It is a collection of four processes that run on a single node that is present in your cluster and is known as the master node.
The four processes that run on the master node are:
This process is basically the brain of the master or control plane. It consumes JSON via a manifest file and implements RESTful API. The manifest file declares the app state and validates and deploys it on the cluster. An endpoint is exposed on port 443 so that Kubel can issue queries and commands that run on the master cluster node.
Cluster store is stateful and provides persistent storage by using etcd. Here etcd is an open-source key-value distribution store that is considered as the backbone of the distributed systems. They provide them with a useful and canonical hub with which they can manage cluster state and coordinate their functioning. Data storage and replication are being handled by etcd for the entire cluster.
It is a daemon process and controller of other controllers. The shared cluster state is watched by it through the API server and switching of cluster states also maintained by it. Some of the commonly used containers of Kubernetes are endpoints controller, replication controller, service account controller and namespace controller.
As per requirement, the controller implements the procedures that fulfill the desired state. The states may be scaling up and down or point adjustment. Pod template is provided for the replication controller.
This process just watches API-server for new pods and assigns workloads to any specific cluster node. On each host, resource utilization is also ensured and managed by it. Moreover, its major responsibility is to make sure that the workload will be distributed as per resource availability.
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Those servers that do actual work are called nodes. Each Kubernete cluster runs two processes:
It is the main agent of the Kubernetes that is a registered node within the cluster. For the work assignment, you can watch the API server and instantiate pods to carry out the work. Nodes report back to the master and the endpoints are exposed on port-10255.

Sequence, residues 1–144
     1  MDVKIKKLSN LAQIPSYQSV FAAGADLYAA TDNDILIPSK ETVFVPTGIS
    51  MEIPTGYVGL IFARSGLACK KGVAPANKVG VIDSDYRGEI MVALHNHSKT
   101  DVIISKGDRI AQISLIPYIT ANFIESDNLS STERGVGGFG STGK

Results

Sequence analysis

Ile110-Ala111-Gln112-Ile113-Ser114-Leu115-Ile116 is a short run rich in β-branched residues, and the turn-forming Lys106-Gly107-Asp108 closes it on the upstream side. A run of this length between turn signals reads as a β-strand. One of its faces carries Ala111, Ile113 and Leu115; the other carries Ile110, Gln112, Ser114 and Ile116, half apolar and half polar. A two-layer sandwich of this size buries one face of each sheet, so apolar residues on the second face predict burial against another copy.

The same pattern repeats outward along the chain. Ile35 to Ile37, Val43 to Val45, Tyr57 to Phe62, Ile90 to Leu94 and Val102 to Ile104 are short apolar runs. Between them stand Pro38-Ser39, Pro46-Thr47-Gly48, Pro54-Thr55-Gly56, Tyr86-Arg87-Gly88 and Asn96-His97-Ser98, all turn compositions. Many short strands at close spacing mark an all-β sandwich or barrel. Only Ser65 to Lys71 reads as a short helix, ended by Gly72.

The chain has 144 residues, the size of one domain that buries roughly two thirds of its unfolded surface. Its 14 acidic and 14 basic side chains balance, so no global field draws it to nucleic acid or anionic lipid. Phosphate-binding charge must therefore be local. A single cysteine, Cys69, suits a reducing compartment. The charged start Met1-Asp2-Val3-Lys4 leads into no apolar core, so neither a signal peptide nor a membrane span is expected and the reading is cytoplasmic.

Kube proxy is the heart of the network proxy of Kubernetes that reflects Kubernetes networking services on each node. It provides a unique IP to every pod. The same IP will be shared by multiple containers. Load balancing is also done by Kube-proxy.
The Pod is the basic building block and a single unit of Kubernetes. The containers are run in this ring-paced environment. Usually, a single container is being run inside a pod, in tightly coupled systems two containers in a pod. Through an overlay, network pods get connected to the rest of the environment. Each pod has a unique IT address and namespace, including IP address and network port, is shared by every pod.
Pods of Kubernetes are mortal and after death can’t be resurrected. So, when a pod is crashed down a new pod is being added with a unique but different IP address. Due to this pod discovery becomes difficult as it is difficult to know which pod gets added and deleted. Through services, multiple pods are being hidden by services. For the same service, many pods can come and go out. Kubernetes service is persistent, can balance the loads, and provide VIP layer and discovery. It identifies pods by the label selector.
The location where the containers can access and store the information is called volume. If a container is destroyed its files get lost. When containers run in a single pod then it becomes difficult to share files between those containers. For applications volume work is part of a local file system that can be backed by another storage backend.
Grouping mechanism is known as a Namespace that can group services, pods, replication controllers, and volumes. A degree of isolation from other system part is provided to the clusters. Namespaces can divide cluster resources between multiple users.
This Kubernetes Tutorial gives you a sound idea of concepts like what is Kubernetes, features, architecture, and more. But it is not complete if we are not sure of key terminologies.
Moving ahead to the Kubernetes Tutorial, we will discuss Kubernetes drawbacks.
Kubernetes is an ultimate tool for orchestration and microservice clustering. It is still under development and will surely bring lots of changes and improvements in a clustered infrastructure. A user can easily manage the network and clusters by using this wonderful automated tool. This Kubernetes Tutorial is just a beginner guide to help freshers with basic concepts like what is Kubernetes, its features, architecture, and more which would help you in getting closer to your goal of getting Kubernetes certification. To know more about the tool, you should join online Kubernetes training classes right away.